The increase in baseline ECoG energy in the somatosensory cortex (S1) with postnatal age reported here and the distinctive beta energy in very young rats is in agreement with previous reports of ECoG recording in awake P7–P11 pups (Zayachkivsky et al. 2013) and is comparable to that seen in premature human infants (Niemarkt et al. 2011). The relatively greater beta energy at P8 and P11 may arise from beta-oscillations, analogous to those reported in visual cortex at this age (Colonnese and Khazipov 2010), which are driven by thalamocortical inputs to synchronize activity in the superficial cortical layers and drive cortical circuit formation in early development. The relative increase in theta energy at P21 may signal the activation of longer range coupling between cortical pyramidal neurons (Bitzenhofer et al. 2015). These findings are strengthened by the fact that the same developmental pattern in ECoG power spectral density was obtained in cross-sectional and longitudinal recordings from P11 to P29.

To investigate the development of S1 nociceptive activity associated with a “pain state,” we used an established hindpaw skin incision model (Brennan et al. 1996). This defined skin injury rapidly excites primary afferents (Hämäläinen et al. 2002; Boada et al. 2012), activating spinal nociceptive neurons within minutes (Shi et al. 2013), releasing glutamate into the dorsal horn (Zahn et al. 2002) resulting in expansion of neuronal receptive field areas, spontaneous firing, and evoked spike activity in both young and adult rats (Vandermeulen and Brennan 2000; Ririe et al. 2008). Behavioral studies show that skin incision in adults and in neonatal rat pups induces pain behavior and hyperalgesia that lasts for days (Brennan et al. 1996; Walker et al. 2009) and that this injury when performed in the first week of life can have long-term consequences upon the development of spinal somatosensory circuits (Walker et al. 2016). The powerful effect of this injury upon spinal nociceptive activity in the youngest rats, contrasts with the lack of increase in somatosensory ECoG energy until the end of the third postnatal week.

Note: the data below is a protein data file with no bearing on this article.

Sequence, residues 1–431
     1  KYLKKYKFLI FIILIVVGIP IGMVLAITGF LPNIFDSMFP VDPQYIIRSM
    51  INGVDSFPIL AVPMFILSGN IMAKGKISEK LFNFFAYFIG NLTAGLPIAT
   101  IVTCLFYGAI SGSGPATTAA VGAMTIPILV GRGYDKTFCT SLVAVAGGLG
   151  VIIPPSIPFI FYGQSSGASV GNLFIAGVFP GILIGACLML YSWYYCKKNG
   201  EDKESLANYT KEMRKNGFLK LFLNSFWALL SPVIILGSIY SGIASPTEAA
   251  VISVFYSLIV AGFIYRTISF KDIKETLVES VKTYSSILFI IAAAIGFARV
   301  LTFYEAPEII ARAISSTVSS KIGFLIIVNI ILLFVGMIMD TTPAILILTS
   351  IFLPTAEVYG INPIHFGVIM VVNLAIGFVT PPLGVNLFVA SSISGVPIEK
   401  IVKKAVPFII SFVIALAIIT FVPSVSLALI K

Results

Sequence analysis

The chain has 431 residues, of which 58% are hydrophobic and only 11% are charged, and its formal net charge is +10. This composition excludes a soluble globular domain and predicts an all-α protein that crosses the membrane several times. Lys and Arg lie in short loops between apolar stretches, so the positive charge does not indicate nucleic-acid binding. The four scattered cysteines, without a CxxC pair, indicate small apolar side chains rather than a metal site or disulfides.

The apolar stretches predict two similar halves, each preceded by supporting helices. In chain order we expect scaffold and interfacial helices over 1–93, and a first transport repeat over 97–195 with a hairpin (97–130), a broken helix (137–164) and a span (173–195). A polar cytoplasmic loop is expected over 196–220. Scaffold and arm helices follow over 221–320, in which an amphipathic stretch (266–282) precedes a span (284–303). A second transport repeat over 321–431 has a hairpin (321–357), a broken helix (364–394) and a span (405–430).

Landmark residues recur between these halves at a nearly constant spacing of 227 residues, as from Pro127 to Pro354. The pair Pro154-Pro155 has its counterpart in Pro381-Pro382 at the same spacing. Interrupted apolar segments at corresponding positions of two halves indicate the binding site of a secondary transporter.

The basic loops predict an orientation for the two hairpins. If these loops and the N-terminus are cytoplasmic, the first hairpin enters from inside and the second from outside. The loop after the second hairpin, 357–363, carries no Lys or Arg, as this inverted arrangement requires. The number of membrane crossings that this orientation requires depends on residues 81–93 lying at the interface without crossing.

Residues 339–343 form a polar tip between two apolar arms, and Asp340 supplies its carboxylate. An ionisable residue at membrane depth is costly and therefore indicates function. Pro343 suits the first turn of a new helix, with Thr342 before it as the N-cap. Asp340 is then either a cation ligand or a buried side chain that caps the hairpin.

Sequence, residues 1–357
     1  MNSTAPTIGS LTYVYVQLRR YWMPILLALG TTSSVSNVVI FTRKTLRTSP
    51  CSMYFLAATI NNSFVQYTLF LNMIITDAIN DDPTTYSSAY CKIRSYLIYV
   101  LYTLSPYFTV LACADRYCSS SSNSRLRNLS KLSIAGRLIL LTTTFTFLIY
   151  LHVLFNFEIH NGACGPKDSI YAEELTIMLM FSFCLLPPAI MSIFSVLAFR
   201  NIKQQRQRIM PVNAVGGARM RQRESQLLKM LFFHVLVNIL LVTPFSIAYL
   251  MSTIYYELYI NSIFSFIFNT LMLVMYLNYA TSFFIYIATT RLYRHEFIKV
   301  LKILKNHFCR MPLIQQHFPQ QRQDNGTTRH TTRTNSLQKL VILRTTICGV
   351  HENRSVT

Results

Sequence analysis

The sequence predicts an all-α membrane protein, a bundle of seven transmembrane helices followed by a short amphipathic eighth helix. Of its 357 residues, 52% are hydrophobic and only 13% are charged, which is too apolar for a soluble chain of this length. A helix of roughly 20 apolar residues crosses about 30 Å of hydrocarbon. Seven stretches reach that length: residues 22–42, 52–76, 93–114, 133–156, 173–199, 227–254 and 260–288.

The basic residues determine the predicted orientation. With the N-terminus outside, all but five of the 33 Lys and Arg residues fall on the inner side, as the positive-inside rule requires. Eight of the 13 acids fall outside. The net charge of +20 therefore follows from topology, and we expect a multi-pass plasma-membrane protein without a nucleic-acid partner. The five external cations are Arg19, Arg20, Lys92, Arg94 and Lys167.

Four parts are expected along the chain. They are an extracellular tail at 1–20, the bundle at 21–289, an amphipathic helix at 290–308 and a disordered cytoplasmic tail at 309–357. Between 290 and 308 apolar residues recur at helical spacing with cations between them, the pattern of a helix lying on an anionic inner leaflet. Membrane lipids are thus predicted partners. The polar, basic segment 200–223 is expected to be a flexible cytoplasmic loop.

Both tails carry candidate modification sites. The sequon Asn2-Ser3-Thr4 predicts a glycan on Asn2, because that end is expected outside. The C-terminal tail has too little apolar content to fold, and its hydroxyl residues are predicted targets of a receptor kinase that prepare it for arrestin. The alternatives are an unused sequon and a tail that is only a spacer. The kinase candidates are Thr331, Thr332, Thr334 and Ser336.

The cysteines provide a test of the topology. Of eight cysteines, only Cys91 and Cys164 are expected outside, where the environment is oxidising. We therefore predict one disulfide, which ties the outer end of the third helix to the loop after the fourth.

At P8, hindpaw skin incision had no effect on S1 cortical activity, suggesting that nociceptive input has little effect upon SI networks at this age, despite clear evidence of strong spinal nociceptive activity (Fitzgerald 2005). At P14, the effect of the incision was to decrease energy across a range of frequencies including the gamma band. The predominant decrease in ECoG energy following skin injury at P14 could arise from decreased neuronal signaling or from desynchrony of cortical oscillations. Since spike timing is a crucial determinant of strengthening and weakening of synapses, desynchronization may enhance developmental plasticity (Feldman 2012). These data are reminiscent of the immediate cortical desynchronization observed in rat pups during maternal absence or by maternal behaviors, such as grooming and milk ejection (Sarro et al. 2014). While our recordings were always made in the presence of the dam, desynchronization may be a common mechanism underlying the shaping of cortical connections by noxious sensory stimulation or maternal deprivation (Nemeroff 2016). A normal background developmental transition from desynchronized to synchronized activity may also explain the increasing baseline ECoG energy with age observed here. In human infants synchrony between cortical activations also increases with age in the last 2 months before term (Koolen et al. 2016). However, skin injury also causes a transient but significant decrease in theta energy that is evident at all ages from P14 to P30 that cannot be explained by residual isoflurane from the surgery (MacIver and Bland 2014). This short lasting theta energy decrease develops earlier than the distinctive theta energy increases seen at later ages. It appears therefore that the decrease in theta energy is an important early component of somatosensory cortical activity, but may not be specific to nociception.